RACING LEGEND BARRY SHEENE | Columns | Gassit Garage
Temperatures were on the rise, and so was Barry Sheene on the two-stroke Suzuki
Forty years ago, global warming wasn’t a dirty phrase. Thus the sweltering summer of 1976 – which kept setting new records for warmth and days of sunshine – was something just to be enjoyed in Britain and all over Europe.
Few can have enjoyed it quite as much as Barry Sheene.
It was the year that a legend was born, as this cheeky charismatic cockney took grand prix racing by storm. He would win just one more championship, in 1977, but his era would last much longer. As Barry Coleman, biographer of Sheene’s nemesis Kenny Roberts, opined:
“Sheene was still World Champion long after he’d stopped winning.”
The year was pivotal in many ways, and Sheene was a telling influence. Thanks to his quick wit and knowing charm, his jaunty working-class manner and an unerring instinct for self-promotion, he was making bike racing sexy. At the same time, another playboy from the opposite end of the social scale was doing the same thing in Formula 1. James Hunt won the title that year, by which time the two were firm friends and instantly recognisable in all the fashionable clubs and nightspots of swinging London – shaking their locks to Queen’s Bohemian Rhapsody and The Funky Gibbon.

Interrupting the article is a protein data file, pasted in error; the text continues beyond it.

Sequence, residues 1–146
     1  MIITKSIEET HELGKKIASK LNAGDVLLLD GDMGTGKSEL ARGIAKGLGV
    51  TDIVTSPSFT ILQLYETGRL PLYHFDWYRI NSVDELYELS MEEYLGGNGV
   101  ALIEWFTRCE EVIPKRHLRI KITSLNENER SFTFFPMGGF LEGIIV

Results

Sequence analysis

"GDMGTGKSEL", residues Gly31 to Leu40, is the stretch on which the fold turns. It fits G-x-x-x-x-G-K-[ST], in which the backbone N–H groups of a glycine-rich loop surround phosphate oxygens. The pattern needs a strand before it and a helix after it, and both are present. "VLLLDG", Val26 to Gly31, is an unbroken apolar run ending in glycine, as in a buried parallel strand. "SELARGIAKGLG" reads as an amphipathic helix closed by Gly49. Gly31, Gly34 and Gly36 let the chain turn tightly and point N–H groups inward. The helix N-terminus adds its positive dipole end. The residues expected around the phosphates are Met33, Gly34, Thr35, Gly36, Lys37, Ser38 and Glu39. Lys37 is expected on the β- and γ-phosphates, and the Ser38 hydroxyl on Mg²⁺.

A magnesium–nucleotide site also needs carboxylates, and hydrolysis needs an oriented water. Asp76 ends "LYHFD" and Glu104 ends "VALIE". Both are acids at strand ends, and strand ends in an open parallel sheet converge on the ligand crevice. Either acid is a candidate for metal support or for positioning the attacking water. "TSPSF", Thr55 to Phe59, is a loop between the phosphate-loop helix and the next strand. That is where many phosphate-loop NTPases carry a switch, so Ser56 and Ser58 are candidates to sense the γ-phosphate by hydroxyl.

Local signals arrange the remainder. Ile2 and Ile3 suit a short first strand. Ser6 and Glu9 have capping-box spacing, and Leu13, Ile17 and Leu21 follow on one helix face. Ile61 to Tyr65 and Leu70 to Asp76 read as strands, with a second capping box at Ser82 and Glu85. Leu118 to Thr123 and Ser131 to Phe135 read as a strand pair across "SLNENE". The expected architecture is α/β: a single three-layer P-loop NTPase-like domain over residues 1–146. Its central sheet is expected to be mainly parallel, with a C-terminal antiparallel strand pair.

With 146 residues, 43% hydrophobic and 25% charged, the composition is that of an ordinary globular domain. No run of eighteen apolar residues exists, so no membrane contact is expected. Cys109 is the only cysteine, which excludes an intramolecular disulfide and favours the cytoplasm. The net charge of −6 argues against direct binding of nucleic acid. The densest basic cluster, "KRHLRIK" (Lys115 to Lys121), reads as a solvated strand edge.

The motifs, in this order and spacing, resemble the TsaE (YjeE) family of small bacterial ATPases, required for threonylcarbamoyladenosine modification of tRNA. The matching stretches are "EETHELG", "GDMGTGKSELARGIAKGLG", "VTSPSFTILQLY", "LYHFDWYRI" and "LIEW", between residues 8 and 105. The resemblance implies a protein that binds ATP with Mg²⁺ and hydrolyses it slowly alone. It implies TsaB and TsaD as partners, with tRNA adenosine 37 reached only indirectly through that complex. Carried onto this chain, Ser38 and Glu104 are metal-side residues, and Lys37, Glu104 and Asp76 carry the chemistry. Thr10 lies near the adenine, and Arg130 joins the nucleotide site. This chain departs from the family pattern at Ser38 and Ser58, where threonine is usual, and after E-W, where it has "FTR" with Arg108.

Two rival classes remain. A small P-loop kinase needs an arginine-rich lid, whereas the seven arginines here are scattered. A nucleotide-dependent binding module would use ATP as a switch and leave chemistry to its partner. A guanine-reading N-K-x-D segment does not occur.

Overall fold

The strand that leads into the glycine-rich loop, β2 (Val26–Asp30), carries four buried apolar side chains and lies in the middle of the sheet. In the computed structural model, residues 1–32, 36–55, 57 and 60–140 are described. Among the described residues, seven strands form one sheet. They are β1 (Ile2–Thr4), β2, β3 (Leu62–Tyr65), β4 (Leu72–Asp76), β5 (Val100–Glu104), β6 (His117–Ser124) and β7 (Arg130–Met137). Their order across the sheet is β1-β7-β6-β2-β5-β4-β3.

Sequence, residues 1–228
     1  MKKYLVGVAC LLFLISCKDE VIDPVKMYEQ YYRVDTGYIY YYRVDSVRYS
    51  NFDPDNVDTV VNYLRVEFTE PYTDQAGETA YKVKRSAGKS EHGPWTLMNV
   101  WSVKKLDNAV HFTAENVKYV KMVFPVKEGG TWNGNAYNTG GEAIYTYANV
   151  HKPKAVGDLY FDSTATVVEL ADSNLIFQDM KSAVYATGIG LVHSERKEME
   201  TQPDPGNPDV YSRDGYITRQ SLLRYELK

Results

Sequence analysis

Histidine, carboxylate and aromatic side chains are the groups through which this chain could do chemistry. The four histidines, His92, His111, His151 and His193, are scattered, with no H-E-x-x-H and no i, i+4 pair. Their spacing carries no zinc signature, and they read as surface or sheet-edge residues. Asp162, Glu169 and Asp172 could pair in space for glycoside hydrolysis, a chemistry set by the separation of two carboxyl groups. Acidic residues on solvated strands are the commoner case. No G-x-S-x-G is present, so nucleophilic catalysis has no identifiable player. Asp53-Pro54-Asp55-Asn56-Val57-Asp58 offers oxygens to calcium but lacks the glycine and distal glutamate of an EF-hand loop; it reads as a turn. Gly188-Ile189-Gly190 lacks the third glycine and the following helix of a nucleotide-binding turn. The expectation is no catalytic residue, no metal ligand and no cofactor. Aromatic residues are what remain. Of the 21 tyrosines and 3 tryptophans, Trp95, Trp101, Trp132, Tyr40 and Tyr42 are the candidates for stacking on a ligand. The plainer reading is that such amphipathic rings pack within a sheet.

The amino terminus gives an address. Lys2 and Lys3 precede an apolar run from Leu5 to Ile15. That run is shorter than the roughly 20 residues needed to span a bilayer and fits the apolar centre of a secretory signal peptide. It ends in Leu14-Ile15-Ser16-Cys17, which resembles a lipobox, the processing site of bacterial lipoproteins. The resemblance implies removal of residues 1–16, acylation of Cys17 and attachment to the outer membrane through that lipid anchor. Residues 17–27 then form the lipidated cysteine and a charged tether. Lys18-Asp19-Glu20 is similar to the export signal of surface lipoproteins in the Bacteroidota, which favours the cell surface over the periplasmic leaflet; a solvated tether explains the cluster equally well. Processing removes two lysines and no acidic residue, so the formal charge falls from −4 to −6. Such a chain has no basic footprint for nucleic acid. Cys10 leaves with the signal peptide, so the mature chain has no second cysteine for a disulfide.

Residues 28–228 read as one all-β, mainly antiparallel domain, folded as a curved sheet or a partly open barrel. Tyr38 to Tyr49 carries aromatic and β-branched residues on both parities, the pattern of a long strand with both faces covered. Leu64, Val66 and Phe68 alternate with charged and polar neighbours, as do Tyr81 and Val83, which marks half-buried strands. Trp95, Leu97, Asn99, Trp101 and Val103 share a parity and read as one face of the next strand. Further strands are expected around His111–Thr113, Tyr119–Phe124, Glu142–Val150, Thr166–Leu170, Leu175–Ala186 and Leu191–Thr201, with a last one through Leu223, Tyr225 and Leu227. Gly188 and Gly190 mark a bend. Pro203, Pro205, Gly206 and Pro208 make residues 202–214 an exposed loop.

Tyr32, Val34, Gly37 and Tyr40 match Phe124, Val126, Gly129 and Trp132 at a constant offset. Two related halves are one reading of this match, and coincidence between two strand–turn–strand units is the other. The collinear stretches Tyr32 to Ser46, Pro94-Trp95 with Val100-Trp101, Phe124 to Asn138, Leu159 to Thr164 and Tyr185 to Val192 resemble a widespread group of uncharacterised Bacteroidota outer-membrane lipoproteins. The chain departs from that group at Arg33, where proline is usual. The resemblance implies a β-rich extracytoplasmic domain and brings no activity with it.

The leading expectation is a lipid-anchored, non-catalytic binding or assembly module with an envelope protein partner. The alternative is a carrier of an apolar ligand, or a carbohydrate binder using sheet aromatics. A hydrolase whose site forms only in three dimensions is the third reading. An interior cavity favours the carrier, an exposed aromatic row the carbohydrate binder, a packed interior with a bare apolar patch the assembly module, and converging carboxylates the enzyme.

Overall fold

For motorcycle grand prix racing, 1976 marked the final turning point in the battle between traditional four-strokes and the upstart two-strokes. It was the last year an MV Agusta raced, on a grid now the full-time property of Japanese two-strokes. Giacomo Agostini finished a well-beaten seventh overall. Ago did close his and the MV’s careers however with a win in the final round at the old Nürburgring – a race that Sheene did not bother to attend.
It was the year that Suzuki’s seminal square-four RG500 came of age. All six riders in front of Agostini rode RG500s. The bike would win the constructors’ title from 1976 to 1982.
And Sheene’s ascendancy marked an acceleration of a hitherto rather half-hearted move towards full commercialisation of racing. Ever the sharp operator, fully aware of the commercial value of his easy, natural popularity, Sheene ramped up his personal wealth to a hitherto unprecedented degree. Other riders, especially in years to come, would benefit from the massive hike in the scale of fees led by this one-man army.
From now on, fairings and riders’ leathers would, like Barry’s, be adorned with commercial logos. On a larger scale, in addition to the traditional technical sponsors like Texaco and Castrol, Sheene virtually single-handedly brought in money from previously undreamed of sources, as diverse as Mashe jeans and perfume giants Faberge (“Nothing,” said Barry on the TV ads, “beats the great smell of Brut.”)
I got to know Barry during these years: I was editing the monthly SuperBike magazine at the time. I found him a tricky customer. Especially after we published a satirical piece mocking the adulation heaped on his every utterance by the rest of a British media slavering at his loins. It was meant to mock the journalists and the magazines; Barry took it personally.
By MICHAEL SCOTT